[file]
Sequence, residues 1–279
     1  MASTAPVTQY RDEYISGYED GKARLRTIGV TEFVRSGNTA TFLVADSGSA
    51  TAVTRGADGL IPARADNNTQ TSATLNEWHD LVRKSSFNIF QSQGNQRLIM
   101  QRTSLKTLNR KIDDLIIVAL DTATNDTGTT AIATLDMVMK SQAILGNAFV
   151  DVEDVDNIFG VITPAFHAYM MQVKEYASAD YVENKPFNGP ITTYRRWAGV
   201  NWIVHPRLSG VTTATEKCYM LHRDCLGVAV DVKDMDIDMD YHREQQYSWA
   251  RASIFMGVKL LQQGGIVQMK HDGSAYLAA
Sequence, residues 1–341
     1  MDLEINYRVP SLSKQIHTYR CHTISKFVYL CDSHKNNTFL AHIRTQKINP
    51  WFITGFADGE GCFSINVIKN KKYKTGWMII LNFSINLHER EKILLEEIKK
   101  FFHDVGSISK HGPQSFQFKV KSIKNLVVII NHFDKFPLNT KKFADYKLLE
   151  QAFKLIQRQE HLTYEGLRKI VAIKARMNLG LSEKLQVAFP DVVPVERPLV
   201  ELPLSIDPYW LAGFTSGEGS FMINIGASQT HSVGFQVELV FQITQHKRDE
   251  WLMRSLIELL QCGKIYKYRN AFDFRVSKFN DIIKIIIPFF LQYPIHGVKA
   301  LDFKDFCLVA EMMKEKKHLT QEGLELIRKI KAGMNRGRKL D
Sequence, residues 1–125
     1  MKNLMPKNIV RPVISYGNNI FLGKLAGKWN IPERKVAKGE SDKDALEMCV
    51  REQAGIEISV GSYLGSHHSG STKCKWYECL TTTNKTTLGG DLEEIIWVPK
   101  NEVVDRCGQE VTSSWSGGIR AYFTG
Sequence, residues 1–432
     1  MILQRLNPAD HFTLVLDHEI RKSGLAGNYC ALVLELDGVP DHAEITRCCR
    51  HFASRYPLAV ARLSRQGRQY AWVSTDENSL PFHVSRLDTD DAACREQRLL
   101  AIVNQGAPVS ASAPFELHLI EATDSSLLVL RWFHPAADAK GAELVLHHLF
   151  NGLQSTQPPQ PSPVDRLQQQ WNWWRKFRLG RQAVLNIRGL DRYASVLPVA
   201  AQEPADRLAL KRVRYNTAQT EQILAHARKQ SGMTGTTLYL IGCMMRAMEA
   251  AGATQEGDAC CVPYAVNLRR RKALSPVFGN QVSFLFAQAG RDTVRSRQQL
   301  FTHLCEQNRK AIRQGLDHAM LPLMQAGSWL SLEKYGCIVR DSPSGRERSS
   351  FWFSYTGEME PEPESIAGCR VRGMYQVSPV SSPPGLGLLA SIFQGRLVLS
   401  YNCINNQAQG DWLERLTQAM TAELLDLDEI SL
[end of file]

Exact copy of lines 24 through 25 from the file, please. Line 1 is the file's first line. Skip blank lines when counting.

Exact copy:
   151  NGLQSTQPPQ PSPVDRLQQQ WNWWRKFRLG RQAVLNIRGL DRYASVLPVA
   201  AQEPADRLAL KRVRYNTAQT EQILAHARKQ SGMTGTTLYL IGCMMRAMEA